19 SCHOOL OF SOCIAL WELFARE The University at Albany offers many options for practice and research in the field of aging. Resources include: The Internships in Aging Project a specialization in aging within the MSW program offering innovative training and enriched internships. Faculty renowned for their expertise in aging studies, several of whom are Hartford Scholars The Institute of Gerontology fosters improved outcomes for older adults and their caregivers through research on practice The Center for Mental Health and Aging - develops and tests behavioral interventions for depression and anxiety disorders The Center for Excellence in Aging Services addresses the research, policy and social service needs of aging persons, their families, and professional caregivers by building evidence-based innovative practices and policies. The Center includes the: Dementia Interventions Consortium Elder Network of the Capital Region Center on Intellectual Disabilities Retired Senior Volunteer Program OASIS Adult Engagement and Education Program Web/Satellite Instructional Center Opportunities within the doctoral program to focus on aging and utilize the centers on aging. Located in New York s state capital, the University at Albany s School of Social Welfare prepares bachelor s, master s, and doctoral level social workers to provide services and further social justice for the most vulnerable persons in our local communities. The BSW and MSW programs are fully accredited. For more information, or call (518) School of Social Welfare The University of Kansas Over half a century of excellence For more than 50 years, the KU School of Social Welfare has linked the long-standing social work tradition of responding to the most vulnerable with dynamic new approaches to the ever-changing face of human need. The School s practice-centered approach to education focuses on people s strengths, celebrates human diversity, promotes social justice and provides a critical perspective. Contact: School of Social Welfare The University of Kansas 1545 Lilac Lane Lawrence, KS (785) We offer BSW, MSW and Ph.D. degree programs. We welcome your application at the School of Social Welfare. Paid for by The University of Kansas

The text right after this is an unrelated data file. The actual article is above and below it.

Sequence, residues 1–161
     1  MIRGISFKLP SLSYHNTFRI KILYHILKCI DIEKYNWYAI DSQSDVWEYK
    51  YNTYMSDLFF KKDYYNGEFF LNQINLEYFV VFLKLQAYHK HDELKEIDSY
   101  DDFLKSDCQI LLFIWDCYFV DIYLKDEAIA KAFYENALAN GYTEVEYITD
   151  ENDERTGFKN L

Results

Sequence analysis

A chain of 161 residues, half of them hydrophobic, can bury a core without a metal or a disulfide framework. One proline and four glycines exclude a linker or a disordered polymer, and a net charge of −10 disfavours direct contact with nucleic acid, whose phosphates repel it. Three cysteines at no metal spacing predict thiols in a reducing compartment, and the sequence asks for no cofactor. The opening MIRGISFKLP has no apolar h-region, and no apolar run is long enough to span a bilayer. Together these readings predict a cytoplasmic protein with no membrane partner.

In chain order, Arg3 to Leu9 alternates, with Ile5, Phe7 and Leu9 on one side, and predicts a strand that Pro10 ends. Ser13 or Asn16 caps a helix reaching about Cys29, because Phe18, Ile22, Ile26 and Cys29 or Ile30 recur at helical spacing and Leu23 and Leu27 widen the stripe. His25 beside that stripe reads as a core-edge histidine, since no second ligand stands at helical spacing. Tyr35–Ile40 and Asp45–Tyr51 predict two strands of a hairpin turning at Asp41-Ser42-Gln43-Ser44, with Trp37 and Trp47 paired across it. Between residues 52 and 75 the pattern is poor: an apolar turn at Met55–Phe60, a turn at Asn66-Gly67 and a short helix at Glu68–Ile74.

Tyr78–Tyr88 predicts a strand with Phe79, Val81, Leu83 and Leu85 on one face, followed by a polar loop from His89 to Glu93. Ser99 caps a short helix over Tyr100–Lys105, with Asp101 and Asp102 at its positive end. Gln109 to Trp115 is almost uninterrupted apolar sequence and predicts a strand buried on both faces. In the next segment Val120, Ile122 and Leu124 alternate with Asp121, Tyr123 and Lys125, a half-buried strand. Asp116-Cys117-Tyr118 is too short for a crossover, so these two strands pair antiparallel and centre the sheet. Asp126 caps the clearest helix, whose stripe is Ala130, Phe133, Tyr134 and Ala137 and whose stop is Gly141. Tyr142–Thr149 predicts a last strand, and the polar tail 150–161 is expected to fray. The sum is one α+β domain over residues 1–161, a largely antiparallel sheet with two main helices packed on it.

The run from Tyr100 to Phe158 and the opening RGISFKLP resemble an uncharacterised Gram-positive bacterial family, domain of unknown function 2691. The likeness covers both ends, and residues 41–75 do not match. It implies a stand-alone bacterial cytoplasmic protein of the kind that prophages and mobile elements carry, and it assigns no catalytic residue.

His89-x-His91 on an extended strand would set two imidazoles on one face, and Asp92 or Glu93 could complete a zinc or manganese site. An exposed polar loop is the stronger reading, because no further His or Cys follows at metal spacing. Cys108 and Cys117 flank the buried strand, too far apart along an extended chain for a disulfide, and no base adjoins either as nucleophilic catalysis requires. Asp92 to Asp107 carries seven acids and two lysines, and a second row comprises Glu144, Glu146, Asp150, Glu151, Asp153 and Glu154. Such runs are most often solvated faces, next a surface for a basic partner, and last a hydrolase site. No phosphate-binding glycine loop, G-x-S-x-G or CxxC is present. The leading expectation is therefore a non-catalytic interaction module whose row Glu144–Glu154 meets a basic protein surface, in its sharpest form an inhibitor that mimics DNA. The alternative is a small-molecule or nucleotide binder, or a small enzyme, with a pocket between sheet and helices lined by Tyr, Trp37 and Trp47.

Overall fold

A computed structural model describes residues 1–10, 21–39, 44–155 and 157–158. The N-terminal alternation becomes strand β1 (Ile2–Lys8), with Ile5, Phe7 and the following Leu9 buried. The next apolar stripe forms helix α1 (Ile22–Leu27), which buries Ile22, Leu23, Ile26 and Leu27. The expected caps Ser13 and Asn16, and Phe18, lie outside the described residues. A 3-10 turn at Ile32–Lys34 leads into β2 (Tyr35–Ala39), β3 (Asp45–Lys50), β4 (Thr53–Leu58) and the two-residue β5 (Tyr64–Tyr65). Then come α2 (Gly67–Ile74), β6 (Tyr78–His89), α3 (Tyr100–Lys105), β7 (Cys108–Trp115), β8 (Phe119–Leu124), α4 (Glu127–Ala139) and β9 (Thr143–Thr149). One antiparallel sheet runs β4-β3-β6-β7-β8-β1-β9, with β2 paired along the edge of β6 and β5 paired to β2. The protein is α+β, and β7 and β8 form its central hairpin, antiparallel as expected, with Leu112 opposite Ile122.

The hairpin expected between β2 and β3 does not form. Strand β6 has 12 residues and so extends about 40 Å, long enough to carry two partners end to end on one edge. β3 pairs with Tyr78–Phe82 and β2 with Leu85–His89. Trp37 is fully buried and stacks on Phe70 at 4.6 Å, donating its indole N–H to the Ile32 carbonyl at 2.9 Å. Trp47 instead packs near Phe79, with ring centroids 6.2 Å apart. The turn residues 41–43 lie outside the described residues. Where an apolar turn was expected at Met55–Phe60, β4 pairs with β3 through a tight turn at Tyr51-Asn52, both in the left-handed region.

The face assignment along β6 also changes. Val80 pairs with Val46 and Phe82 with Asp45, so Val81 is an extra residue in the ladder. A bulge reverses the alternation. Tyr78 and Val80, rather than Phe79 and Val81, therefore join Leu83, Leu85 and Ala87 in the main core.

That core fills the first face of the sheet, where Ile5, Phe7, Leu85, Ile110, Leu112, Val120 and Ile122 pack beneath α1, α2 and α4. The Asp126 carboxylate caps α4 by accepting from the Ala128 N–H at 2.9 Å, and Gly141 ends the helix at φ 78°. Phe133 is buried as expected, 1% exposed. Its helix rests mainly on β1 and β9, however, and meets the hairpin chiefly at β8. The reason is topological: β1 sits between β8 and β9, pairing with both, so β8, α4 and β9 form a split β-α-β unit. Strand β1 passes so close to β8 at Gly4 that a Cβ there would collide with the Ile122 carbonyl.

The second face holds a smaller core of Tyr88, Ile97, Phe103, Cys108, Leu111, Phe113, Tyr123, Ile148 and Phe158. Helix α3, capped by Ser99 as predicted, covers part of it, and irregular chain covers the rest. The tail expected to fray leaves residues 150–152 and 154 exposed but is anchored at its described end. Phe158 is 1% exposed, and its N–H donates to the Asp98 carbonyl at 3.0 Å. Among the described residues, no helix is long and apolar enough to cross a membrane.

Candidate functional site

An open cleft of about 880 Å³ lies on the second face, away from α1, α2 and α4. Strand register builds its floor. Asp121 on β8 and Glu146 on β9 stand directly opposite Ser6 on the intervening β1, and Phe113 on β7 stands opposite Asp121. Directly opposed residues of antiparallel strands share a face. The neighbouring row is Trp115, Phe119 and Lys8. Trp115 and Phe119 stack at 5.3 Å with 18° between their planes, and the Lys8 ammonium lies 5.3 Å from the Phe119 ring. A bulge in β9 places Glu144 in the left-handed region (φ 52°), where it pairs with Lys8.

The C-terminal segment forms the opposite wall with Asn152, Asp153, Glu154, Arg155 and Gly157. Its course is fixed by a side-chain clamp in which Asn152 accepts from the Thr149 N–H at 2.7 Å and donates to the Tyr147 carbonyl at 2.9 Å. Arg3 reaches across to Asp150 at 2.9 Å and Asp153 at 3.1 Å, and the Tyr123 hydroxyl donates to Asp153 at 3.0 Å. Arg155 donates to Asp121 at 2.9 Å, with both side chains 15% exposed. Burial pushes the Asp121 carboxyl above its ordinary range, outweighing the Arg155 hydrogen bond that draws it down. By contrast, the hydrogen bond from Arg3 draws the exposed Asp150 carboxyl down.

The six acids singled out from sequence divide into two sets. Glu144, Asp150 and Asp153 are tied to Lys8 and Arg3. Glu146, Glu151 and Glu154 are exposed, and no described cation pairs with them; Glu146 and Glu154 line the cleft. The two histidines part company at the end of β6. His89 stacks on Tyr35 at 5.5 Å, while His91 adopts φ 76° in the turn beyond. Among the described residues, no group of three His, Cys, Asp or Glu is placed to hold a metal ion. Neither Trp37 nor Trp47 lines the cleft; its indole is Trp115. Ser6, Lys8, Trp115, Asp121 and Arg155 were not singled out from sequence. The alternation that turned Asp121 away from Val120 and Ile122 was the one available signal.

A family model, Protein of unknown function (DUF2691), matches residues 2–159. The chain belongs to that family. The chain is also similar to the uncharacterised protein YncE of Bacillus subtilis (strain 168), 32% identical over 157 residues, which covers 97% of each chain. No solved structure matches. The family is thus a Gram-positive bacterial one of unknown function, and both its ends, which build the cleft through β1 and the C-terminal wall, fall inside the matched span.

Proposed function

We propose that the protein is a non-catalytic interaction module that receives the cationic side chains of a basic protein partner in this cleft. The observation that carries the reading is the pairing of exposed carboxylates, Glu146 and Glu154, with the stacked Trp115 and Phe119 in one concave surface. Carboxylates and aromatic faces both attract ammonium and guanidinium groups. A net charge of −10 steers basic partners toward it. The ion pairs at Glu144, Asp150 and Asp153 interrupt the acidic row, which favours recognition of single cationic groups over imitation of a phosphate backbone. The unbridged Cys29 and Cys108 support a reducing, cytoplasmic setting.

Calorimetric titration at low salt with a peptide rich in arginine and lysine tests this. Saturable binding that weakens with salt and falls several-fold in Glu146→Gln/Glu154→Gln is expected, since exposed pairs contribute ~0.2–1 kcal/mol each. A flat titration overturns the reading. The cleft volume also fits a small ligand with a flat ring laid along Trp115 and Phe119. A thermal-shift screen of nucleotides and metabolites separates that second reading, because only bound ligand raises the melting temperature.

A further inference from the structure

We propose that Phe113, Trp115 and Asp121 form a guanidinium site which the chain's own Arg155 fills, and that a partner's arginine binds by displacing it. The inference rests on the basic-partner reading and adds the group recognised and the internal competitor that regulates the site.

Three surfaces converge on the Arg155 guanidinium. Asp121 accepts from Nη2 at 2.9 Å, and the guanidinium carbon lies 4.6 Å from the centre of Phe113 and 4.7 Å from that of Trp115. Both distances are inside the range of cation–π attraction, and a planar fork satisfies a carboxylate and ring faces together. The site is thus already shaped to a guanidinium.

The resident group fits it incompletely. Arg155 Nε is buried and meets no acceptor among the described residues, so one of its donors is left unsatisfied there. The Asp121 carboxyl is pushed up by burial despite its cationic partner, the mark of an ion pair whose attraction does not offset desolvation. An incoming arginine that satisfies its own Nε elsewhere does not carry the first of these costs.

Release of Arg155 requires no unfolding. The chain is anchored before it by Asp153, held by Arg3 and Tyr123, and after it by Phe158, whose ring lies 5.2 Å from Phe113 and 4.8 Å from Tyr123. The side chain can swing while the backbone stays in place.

20 The MSW & PhD programs in the Boston College Graduate School of Social Work draw from faculty experience in Gerontology. As one of our main field of practice concentrations, aging is the focus of several major research projects, and is integrated throughout the curriculum. Students interested in aging will find a wealth of opportunity at BC. An international leader in preparing students for evidence-based practice as professional social workers Renowned, dedicated, accessible faculty MSW, dual-degree programs, full-time and flexible part-time study MSW/PhD and PhD full-time programs with extensive financial assistance Convenient suburban location minutes from downtown Boston
21 Focus on Aging A broad range of program options Develop and refine your professional knowledge and skills in the aging field of practice at Columbia, where you can choose: One of four advanced practice method areas, including Advanced Clinical Practice, Advanced Generalist Practice and Programming, Policy Practice, or Social Enterprise Administration. Dual degree programs in Special Education, Business Administration, Jewish Studies, Law, Public Health, Public Policy and Administration, International Affairs, Divinity, and Urban Planning. Minor programs in Public Policy and Administration, Business Administration, International Social Welfare, and Law. Work with a nationally and internationally prominent faculty, researchers, scholars, and practitioners in the field of aging, including Barbara Berkman, Denise Burnette, Richard Francoeur, Ada Mui, Tazuko Shibusawa, and Jeanette Takamura. Field placements in aging at more than 40 institutions in New York City and the greater metropolitan area are led by a strong cadre of highly skilled and committed field instructors in a diverse array of agencies.